BRICs lose favour as money pours into Europe

By Jessica Bruno | October 18, 2013 | Last updated on October 18, 2013
3 min read

Investment dollars are leaving emerging markets and heading back into developed countries, says Sentry executive vice-president and chief investment officer Dennis Mitchell.

“That money is flowing out because you are no longer being compensated for the risks that you’re taking,” he stated during a presentation in Toronto yesterday.

The growth premium in countries like the BRICs, Malaysia, Thailand and Korea has dropped from 500 basis points between 2005 and 2010 to less than 400. That’s not enough, he explains.

Returns aren’t likely to pick up, he adds, because the global population is aging. As people grow old they consume less, he notes.

Read: Still a good idea to buy American

America and Europe are looking better, but Japan, China and emerging markets are in for a tough ride, say Sentry investment managers.

In the U.S., they see a sustained recovery, but it will be vulnerable to market shocks, says James Dutkiewicz, chief investment strategist and senior portfolio manager.

“The U.S. is slowly healing itself. […] It’s going to take a long time for all the past excesses to work their way out,” adds Mitchell. And high unemployment is still a concern.

While the jobless rate is 7.3%, many new jobs don’t pay as much as the ones erased in the downturn. That rate also doesn’t account for the record-high levels of people who have simply given up looking for work, he notes.

U.S. inflation won’t be a concern as consumers are still struggling to buy things again, say Dutkiewicz and Mitchell, so they predict the Fed will continue its stimulus policies and won’t raise rates until late 2015 or early 2016.

Whenever QE ends, emerging markets will feel the pinch, says Dutkiewicz. Central banks need to take into account the effect of withdrawing stimulus on developing countries, where much of the money has been invested.

“It’s a great ride while it’s going on, but you have to try and find who is going to pay the bill. The only place I can find right now is in emerging markets,” he explains.

Depending on how these markets react, a slowdown could ricochet back into established economies and cause deflation, he adds.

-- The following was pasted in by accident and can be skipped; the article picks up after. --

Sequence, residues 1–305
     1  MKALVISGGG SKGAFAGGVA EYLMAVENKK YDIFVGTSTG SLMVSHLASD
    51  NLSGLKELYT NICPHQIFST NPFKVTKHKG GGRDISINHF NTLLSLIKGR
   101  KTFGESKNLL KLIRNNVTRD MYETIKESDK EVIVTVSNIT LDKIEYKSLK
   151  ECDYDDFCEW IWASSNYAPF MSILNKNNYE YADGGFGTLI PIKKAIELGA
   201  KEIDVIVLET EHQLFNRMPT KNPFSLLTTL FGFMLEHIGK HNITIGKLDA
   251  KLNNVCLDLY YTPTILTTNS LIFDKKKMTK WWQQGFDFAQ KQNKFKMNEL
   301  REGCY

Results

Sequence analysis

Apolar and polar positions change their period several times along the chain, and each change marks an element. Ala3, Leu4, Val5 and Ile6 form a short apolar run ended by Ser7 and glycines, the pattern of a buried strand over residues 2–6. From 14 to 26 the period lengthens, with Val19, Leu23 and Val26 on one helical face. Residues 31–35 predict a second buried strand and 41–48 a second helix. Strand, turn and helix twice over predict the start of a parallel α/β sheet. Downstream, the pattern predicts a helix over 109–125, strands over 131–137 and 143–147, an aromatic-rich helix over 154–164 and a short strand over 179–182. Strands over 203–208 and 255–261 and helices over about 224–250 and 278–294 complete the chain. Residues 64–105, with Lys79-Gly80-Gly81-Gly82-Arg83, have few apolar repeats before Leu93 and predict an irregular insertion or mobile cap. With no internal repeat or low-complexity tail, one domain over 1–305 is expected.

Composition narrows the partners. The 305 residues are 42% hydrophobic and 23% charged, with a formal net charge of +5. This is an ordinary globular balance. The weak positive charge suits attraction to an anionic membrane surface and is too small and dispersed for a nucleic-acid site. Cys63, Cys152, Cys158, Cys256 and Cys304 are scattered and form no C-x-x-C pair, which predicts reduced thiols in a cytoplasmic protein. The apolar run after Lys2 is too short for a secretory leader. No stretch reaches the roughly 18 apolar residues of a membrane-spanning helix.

Challenges in Asia, improvement in Europe

China is moving its economy from an export and infrastructure model to one that relies on domestic consumption. The process is slowing growth, says Mitchell.

“Historically, emerging markets that have made the transition to developed market status have stumbled,” he says.

“The difference is, no other emerging market has had 1.3 billion people tightly controlled by seven guys who have an army. We will see how the Chinese experiment pans out. But going forward, you are going to see lower growth out of China: in the 6% to 8% range, as opposed to the 8% to 10% that they are accustomed to,” he adds.

Japan also faces economic challenges. Analysts are skeptical about the potential success of Prime Minister Shinzo Abe’s three-pronged stimulus plan, which includes monetary and fiscal stimulus, and restructuring the economy.

While QE and stimulus are sound ideas, restructuring is risky, says Mitchell. “This is the crucial one that if they don’t execute properly, the other two don’t matter.”

Read: BRICS to build rival bank to IMF

The country wants to entice more women into the workforce, accept more immigrants, stimulate competition and increase trade. Its current debt-to-GDP ratio is more than 200%, says Dutkiewicz. “I wouldn’t be surprised in two to three years if it’s the number-one thing we’re talking about—a potentially systemic risk emanating from Japan.”

He also predicts losses on Japanese government bonds in the next two to five years. An aging population, shrinking labour force and slow productivity growth all pose a challenge to the country, he says.

As for the Eurozone, investment is picking up because the region’s financial fundamentals are improving, says Mitchell.

“Europe is now where the U.S. was three years ago in terms of repairing the banking system: in terms of the ECB becoming the lender of last resort; in terms of business confidence,” he explains. “All the Eurozone countries now have current account surpluses.”

Read: A look at global economies

Jessica Bruno